In Banks County, the tax base has slowly started to grow. And more emphasis on projects like the Industrial Park Drive extension and development of the Industrial Park will help.
The owner of an industry will pay far more in property taxes than any homeowner or farm owner. And that’s the way it should be.
More industry translates into a richer tax base for the school system. And that allows the regular land owners and farmers to shoulder less of the burden of educating children.
But here’s where the issue becomes more difficult.
School boards aren’t normally involved in the recruitment of new industry into a county. But in reality, the school system probably benefits the most from industrial development.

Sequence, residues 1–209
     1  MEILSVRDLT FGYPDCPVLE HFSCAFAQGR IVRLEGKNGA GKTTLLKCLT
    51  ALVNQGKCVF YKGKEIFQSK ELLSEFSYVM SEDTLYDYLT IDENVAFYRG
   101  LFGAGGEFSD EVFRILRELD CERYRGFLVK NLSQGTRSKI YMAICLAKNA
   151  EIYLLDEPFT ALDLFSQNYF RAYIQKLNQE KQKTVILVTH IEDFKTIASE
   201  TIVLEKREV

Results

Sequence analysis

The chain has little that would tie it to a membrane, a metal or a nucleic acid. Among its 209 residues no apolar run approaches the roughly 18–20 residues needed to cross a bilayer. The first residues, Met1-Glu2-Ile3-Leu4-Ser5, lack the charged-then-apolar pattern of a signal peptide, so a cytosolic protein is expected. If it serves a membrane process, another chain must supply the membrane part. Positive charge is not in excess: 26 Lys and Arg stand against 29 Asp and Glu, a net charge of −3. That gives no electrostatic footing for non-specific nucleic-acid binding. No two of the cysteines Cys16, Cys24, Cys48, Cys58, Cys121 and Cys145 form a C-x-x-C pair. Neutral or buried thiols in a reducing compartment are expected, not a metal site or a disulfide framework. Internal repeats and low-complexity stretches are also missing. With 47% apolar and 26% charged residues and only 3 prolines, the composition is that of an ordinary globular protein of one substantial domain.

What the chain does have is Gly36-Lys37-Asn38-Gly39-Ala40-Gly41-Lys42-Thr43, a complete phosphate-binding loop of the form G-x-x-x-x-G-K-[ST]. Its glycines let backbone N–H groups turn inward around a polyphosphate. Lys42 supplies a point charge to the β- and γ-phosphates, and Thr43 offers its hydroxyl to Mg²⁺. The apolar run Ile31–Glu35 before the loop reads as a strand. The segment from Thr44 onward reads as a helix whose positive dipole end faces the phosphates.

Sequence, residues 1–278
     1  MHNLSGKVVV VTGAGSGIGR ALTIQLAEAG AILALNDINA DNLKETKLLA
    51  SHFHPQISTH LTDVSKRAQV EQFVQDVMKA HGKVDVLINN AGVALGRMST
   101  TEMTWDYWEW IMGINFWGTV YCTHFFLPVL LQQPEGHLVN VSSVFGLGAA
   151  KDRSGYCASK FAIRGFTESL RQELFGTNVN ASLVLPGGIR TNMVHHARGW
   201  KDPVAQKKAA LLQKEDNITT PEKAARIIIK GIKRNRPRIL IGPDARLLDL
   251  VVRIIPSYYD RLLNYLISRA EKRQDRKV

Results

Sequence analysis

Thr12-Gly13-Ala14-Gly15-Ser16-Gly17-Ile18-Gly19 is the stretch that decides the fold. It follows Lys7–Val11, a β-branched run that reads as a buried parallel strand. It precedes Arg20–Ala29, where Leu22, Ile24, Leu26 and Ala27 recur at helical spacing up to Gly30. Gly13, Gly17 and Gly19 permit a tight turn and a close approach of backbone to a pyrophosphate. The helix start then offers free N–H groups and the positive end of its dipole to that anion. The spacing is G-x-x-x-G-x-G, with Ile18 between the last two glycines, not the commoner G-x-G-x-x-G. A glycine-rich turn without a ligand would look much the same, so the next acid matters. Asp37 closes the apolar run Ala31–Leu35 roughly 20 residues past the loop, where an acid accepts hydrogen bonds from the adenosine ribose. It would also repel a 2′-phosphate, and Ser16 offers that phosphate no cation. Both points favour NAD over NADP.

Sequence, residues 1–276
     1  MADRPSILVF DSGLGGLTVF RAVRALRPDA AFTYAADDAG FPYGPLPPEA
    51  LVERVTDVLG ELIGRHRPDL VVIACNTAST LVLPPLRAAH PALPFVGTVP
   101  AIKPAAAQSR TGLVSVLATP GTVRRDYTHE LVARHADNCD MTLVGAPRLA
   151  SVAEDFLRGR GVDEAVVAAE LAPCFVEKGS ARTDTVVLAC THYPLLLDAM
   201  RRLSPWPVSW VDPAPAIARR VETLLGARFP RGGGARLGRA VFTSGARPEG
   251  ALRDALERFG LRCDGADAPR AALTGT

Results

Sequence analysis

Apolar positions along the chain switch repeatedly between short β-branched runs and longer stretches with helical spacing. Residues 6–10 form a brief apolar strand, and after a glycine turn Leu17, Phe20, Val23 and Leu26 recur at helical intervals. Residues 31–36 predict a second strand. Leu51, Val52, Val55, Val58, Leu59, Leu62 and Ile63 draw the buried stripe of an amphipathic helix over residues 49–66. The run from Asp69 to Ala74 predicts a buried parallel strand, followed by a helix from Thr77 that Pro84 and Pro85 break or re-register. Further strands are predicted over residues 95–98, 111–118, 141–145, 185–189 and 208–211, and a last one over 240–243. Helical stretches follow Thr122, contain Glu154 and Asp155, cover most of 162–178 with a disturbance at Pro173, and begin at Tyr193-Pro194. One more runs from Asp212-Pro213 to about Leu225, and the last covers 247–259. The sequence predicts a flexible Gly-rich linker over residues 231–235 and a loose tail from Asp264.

So here’s the challenge. Local county commissioners and city officials must work closely with the school board to recruit industry and ensure that the school system has a solid tax base from which to draw revenue.
And those groups must be conservative in handing out property tax break incentives because the school system desperately needs that revenue.
A challenge also goes out to legislators and state school officials. The state mandates that school systems offer certain programs.
But at the same time, lawmakers have cut the funding for those programs, leaving local school officials holding the bill.
It’s time to decide — drop some mandatory programs or help local systems fund the mandates.
Because they can’t do it all on their own.
Adam Fouche is a reporter for MainStreet Newspapers. His email address is
The Banks County News
Homer, Georgia
Telephone: (706) 367-5233 Fax: (706) 367-8056